Howard Sapers, the ombudsman for Corrections Canada, released a report yesterday on the aboriginal population in this nation's prisons. His findings should disturb all Canadians, native and non-native. The lead editorial in today's Toronto Star repeats some of Sapers' findings:
Sapers points out that the 3,400 First Nations, Metis and Inuit prisoners in federal prisons account for 23 per cent of inmates, up from 17 per cent a decade ago, even though aboriginals are just 4 per cent of the general population. And the trend shows no sign of abating any time soon.
While Canadian law provides for native communities to take custody of offenders in Healing Lodges, far too few inmates qualify, barely one in 10, and there are too few lodges to house any more. Correctional Service Canada and native communities run eight lodges, with fewer than 300 spaces. And there are none at all in Ontario, British Columbia, the Atlantic provinces or the North. As a consequence there has been no progress in closing the large rehabilitation and reintegration gap between aboriginal and non-aboriginal offenders.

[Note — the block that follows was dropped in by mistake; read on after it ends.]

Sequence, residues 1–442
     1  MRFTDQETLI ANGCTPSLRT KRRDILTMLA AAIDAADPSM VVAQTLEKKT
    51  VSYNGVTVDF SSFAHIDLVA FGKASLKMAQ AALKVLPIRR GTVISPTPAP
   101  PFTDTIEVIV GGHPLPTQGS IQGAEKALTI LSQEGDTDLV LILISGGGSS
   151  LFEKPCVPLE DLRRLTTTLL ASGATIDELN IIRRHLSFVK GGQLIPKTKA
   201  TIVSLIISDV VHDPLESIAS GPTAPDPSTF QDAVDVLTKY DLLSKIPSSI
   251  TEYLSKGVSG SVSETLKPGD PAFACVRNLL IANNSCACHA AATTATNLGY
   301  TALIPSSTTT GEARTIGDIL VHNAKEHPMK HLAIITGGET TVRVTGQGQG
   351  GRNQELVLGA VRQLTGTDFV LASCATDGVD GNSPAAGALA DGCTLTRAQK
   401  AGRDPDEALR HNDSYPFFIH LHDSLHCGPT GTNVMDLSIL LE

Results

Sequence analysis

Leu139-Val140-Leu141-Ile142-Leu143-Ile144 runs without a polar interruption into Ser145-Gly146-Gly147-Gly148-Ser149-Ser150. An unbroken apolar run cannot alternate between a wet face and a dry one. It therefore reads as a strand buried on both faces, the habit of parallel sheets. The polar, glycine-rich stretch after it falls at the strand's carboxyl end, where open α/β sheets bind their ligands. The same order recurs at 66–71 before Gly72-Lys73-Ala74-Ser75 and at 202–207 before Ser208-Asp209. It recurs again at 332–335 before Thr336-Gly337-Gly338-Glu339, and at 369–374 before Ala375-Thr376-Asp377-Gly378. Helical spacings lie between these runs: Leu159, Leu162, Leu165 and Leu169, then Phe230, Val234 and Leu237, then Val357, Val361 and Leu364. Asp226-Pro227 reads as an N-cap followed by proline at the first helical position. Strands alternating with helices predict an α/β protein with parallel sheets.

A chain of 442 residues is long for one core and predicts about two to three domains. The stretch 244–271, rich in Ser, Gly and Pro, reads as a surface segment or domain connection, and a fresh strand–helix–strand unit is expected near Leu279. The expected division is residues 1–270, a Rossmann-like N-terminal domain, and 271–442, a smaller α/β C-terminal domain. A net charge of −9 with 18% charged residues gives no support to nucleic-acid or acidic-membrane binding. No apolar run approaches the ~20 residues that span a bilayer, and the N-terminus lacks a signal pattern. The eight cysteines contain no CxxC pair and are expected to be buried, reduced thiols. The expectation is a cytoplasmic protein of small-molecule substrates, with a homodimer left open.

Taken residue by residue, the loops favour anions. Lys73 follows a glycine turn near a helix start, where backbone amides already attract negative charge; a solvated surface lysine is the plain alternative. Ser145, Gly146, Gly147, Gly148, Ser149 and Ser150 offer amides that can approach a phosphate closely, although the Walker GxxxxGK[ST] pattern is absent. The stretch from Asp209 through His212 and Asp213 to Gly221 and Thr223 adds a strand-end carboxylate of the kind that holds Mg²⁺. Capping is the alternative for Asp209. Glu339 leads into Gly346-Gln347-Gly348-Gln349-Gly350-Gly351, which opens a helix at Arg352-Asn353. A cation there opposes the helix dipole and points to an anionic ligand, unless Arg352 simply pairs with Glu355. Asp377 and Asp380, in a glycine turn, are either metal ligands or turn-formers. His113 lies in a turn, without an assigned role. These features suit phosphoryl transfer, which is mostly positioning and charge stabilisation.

In fact, the gap has grown -- a gap that is mirrored in the staffing of Canada's prisons:
He also notes that of the federal system’s 19,000 staff, just 12 are aboriginal community development officers tasked with planning prisoners’ release into the wider community.
Sapers gives the details on Stephen Harper's "tough on crime" agenda. Like Kevin Page and Michael Ferguson, he exposes the lie behind the rhetoric. When the prime minister talks about being "tough on crime" he really means "imprisoning the disadvantaged."
A quick note: My wife and I will be away for a couple of days. I'll be back at the beginning of next week. Spring is on the way!